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Virgin Orbit on ‘Operational Pause’, Furloughs Most of Staff


Things are looking turbulent for Virgin Group’s aircraft engineering company, Virgin Orbit, as the company has reportedly paused all operations and furloughed the majority of its staff.

The company, which builds rockets that launch small satellites, told Space News it was entering a phase of “operational pause.”

“Virgin Orbit is initiating a company-wide operational pause, effective March 16, 2023, and anticipates providing an update on go-forward operations in the coming weeks,” the company said.

According to people familiar with the matter, nearly all employees were informed that they would be put on fan unpaid furlough for an unspecified amount of time during an all-hands meeting at the end of the workday on Wednesday.

Employees were, however, given the option to cash in any remaining PTO if necessary and were told that payroll would be moved up by one week.

Related: Virgin Orbit Shares Plummet As Historic Launch Fails Due to ‘Anomaly’

Multiple outlets have previously reported that Virgin Orbit is undergoing a rough financial period and needs investors and funding to continue operating at optimal efficiency.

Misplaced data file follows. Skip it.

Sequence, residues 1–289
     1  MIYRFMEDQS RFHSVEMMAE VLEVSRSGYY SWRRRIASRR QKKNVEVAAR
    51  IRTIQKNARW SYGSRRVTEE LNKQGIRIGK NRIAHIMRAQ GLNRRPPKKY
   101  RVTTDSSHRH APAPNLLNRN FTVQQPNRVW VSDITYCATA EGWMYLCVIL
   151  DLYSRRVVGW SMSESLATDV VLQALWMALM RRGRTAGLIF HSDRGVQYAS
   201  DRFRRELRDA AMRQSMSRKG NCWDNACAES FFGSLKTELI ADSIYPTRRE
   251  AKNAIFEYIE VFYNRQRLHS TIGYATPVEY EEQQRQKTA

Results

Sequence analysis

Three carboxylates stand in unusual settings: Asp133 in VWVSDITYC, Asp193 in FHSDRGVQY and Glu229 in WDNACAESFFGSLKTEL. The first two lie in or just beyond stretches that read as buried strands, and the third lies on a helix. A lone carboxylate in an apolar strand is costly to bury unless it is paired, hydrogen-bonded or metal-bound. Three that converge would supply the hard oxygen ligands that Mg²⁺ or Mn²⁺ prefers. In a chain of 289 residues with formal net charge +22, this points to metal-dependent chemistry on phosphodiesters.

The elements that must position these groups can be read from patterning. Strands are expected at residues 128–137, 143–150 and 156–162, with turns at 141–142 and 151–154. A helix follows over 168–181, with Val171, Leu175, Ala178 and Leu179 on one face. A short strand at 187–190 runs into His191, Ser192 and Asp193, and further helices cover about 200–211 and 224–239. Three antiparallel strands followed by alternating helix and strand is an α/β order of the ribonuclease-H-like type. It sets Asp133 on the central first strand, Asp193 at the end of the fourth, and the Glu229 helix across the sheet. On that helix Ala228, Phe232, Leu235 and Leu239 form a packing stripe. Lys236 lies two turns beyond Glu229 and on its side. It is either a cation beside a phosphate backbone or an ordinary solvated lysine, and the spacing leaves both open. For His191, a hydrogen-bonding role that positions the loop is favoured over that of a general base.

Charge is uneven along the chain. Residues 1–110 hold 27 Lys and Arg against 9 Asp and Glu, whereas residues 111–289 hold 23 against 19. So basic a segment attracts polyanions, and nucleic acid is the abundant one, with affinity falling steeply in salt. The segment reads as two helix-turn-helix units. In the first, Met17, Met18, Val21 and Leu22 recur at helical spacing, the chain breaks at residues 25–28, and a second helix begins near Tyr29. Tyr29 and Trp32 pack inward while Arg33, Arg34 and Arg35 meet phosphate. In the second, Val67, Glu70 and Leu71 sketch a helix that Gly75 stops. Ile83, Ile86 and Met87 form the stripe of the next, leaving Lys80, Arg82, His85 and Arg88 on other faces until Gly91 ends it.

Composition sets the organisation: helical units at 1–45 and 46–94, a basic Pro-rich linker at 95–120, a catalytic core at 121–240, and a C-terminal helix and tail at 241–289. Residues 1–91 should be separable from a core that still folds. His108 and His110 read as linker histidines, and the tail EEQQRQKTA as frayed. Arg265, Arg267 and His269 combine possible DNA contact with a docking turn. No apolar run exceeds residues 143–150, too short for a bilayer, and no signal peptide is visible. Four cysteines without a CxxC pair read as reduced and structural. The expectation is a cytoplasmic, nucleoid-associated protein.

An SEC filing on behalf of the company on March 15 confirmed this, revealing that the operational pause was being instated “in order to conserve capital while the Company conducts discussions with potential funding sources and explores strategic opportunities,” noting that “there can be no assurance that these discussions will result in any transaction.”

The news, though jarring, isn’t entirely surprising given the company’s series of setbacks that culminated in a failed satellite launch out of the U.K. earlier this year.

Once airborne, the Virgin Orbit rocket experienced an unexpected secondary engine failure, though the crew inside landed safely on the ground. It would have been the first successful satellite mission out of the U.K. in history had it gone as planned.

By 11 a.m. EST, the company’s stock plummeted 32% in a 24-hour period, mounting about an 88% loss over one year.



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